Section II: Discussion
The four exposure variables may exist in seemingly endless combinations, as a function of the conditions confronting the photographer. Some of the conditions may be under the photographer's control, shutter speed, aperture and ISO, for example. Illumination may be completely beyond the photographer/s control, shooting outdoors with cloud cover changing rapidly for example. This forces the photographer to select different combinations of shutter speed, aperture, and ISO to adapt to the changing illumination. In some situations, photographers may elect to add supplemental illumination to overcome exposure difficulties presented by dim or changing illumination. Studio photographers, on the other hand, have control over all four variables and can configure them precisely to achieve the desired exposures.
Most cameras today can be operated in a number of automatic modes, whereby the photographer selects one or more of the camera controlled variables, and the camera calculates the value for the remaining variables. Examples include:
Shutter Priority (S): In this mode, shutter speed is more important than aperture. The photographer selects an ISO value appropriate for the situation, then selects the desired shutter speed, and places the camera in the shutter preferred mode, where the camera is forced to use the shutter speed selected by the photographer. When the shutter is opened, the camera measures the intensity of the illumination coming through the lens and calculates an aperture that will provide the desired exposure. Shutter preferred mode is often used to maintain a shutter speed necessary to capture a rapidly moving subject.
Aperture Priority (A): In this mode, aperture is more important than shutter speed. The photographer selects an appropriate ISO value, then selects the desired aperture and places the camera in the aperture preferred mode. When the shutter is opened, the camera measures the intensity of the illumination coming through the lens and calculates a shutter speed that will provide the desired exposure. Aperture preferred mode is often used when the desired depth of field (DOF) provided by the selected aperture is to be maintained. It can also be used to keep the subject in sharp focus, while blurring the background for artistic effects.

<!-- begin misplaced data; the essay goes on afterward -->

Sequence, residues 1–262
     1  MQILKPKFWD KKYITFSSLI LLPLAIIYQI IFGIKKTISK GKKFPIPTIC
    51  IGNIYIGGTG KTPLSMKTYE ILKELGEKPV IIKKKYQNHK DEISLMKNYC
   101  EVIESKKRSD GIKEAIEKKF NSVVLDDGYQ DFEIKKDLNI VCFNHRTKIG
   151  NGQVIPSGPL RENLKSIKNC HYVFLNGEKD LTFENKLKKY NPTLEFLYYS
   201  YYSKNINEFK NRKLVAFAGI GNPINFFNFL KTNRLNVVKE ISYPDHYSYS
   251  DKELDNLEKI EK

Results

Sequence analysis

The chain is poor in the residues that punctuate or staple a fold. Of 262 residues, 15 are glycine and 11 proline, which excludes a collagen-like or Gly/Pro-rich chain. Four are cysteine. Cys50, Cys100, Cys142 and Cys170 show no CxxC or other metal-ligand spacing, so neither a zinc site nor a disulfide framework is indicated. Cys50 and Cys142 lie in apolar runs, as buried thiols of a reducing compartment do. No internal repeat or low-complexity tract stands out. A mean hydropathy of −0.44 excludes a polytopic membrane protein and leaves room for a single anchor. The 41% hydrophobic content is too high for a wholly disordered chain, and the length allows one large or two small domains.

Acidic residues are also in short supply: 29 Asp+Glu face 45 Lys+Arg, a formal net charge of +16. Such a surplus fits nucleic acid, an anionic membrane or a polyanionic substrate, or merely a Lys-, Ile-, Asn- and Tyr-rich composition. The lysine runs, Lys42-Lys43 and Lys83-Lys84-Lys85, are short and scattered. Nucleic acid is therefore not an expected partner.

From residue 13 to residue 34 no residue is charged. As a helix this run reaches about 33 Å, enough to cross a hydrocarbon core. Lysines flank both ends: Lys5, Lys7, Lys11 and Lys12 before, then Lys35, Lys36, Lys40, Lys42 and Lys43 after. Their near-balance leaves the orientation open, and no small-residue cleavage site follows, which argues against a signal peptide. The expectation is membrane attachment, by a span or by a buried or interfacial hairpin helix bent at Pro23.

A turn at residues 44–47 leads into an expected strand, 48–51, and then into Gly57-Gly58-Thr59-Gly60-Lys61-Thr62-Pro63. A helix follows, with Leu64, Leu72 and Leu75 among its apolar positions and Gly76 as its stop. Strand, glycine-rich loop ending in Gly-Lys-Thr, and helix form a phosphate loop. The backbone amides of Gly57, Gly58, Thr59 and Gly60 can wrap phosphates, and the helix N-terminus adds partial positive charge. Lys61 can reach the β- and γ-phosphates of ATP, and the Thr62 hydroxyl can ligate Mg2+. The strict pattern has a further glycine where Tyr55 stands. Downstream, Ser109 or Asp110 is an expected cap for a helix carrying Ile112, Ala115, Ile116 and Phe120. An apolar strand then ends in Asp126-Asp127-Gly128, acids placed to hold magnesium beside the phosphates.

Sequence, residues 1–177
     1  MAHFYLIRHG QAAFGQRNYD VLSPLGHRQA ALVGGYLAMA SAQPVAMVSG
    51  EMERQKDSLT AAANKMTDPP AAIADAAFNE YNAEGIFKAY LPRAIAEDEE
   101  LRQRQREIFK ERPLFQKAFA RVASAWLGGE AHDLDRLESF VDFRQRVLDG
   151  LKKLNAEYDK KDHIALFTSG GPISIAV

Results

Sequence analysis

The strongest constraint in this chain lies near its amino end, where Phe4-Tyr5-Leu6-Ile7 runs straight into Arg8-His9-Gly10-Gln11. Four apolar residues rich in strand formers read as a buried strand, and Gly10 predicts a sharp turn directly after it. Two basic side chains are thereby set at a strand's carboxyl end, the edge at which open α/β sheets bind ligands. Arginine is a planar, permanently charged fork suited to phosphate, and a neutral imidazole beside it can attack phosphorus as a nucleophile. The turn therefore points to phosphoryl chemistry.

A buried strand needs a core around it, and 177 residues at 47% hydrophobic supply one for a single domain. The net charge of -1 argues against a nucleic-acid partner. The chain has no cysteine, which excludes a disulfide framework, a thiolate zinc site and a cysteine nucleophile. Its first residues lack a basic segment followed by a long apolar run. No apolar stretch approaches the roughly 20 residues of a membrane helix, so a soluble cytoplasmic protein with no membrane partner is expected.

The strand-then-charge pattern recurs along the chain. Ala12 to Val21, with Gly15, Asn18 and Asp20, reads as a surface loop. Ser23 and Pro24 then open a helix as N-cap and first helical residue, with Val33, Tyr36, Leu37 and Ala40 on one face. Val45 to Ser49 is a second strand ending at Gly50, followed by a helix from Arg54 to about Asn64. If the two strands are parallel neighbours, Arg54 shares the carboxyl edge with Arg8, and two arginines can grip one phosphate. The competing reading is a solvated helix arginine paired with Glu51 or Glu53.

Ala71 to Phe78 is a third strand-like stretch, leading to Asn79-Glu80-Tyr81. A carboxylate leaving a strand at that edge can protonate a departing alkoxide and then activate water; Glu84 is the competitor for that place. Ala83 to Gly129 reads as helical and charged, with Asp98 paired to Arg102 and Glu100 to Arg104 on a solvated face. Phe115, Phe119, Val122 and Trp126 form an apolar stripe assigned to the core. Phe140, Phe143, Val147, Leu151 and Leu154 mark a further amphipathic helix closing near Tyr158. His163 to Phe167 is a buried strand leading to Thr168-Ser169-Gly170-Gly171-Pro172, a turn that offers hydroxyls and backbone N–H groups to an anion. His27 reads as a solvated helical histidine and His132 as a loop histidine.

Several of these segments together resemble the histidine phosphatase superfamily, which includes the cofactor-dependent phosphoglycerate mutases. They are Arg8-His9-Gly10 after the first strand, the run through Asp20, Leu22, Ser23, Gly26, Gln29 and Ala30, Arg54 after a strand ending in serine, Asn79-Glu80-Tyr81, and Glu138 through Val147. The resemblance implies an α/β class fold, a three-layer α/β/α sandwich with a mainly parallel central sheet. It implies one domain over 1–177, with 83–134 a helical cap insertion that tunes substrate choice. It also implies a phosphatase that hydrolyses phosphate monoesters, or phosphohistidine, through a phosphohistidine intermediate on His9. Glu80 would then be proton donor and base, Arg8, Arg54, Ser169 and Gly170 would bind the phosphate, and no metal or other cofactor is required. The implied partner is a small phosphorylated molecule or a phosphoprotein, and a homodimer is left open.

Manual Mode (M): For unusual situations, photographers may elect to shoot in total manual mode, where they will select three, and possibly all four, variables. When working with ambient illumination, they will select Shutter Speed, Aperture, and ISO. In studio or other environments where supplemental illumination is available, they will select the power settings to achieve the desired effect.
Programmed Auto (P): There are several variants of this mode. The Nikon D800e, for example, includes a Programmed Auto Mode (P), where the photographer is willing to let the camera make the Shutter Speed and Aperture decisions under the given illumination and ISO values.
Cameras capable of this mode will usually provide a chart in the instruction manual indicating the range of values that will be used in determining exposure. When the shutter is opened, the camera's metering system determines the illumination level, and then selects a shutter speed and aperture that will produce an acceptably exposed image.
Automatic ISO: In this mode, the photographer selects a desired shutter speed and aperture, and is willing to let the camera select the ISO required for the desired exposure. When the shutter is opened, the camera's metering system evaluates the reflected illumination passing through the lens and selects an appropriate ISO value that renders the desired exposure. The mode would be used when the photographer is working in dim illumination that may be changing rapidly, while shooting moving subjects (faster shutter speed) with a desired depth of field (selected aperture).
Photographers just beginning their journey may have difficulty understanding the relationship between the four exposure variables: shutter speed, aperture, ISO, and illumination, and the various combinations and tradeoffs that can be made in producing an acceptable exposure. To simplify, Chart One, below, provides a simple, non-numeric method for understanding the four variables and their relationships.
To use this chart, select one of the four variables in the "Selected Variable" column, and one of its two values in the "Value" column. Then select one of the three remaining variables under the heading "Relationship to Other Variables" you wish to evaluate. Finally, assume that the two remaining variables will remain constant.
The chart and examples below compare Aperture with Illumination, ISO, and Shutter Speed.
Aperture and Illumination Relationship
For a Small lens Aperture (large f/number), at a given ISO and Shutter Speed, a brighter source of Illumination is required. For a Large lens Aperture (small f/number) at a given ISO and Shutter Speed, a dimmer source of Illumination is required.
Aperture and ISO Relationship
For a Small lens Aperture (large f/number), at a given Illumination and Shutter Speed, a faster ISO is required. For a Large Aperture, at a given Illumination and Shutter Speed, a Slow ISO is required.
Aperture and Shutter Speed Relationship
For a Small lens Aperture (larger f/number), at a given Illumination and ISO, a slower Shutter Speed is required. For a Large Aperture, at a given Illumination and ISO, a faster Shutter Speed is required.
Similar relationships can be explored by selecting the other exposure variables in the left column: Illumination, ISO, and Shutter Speed.
Those interested only in this non-numeric exploration of the relationship between the four exposure variables can stop reading here. For those interested in pursuing the numeric details, continue on to Section III, below.
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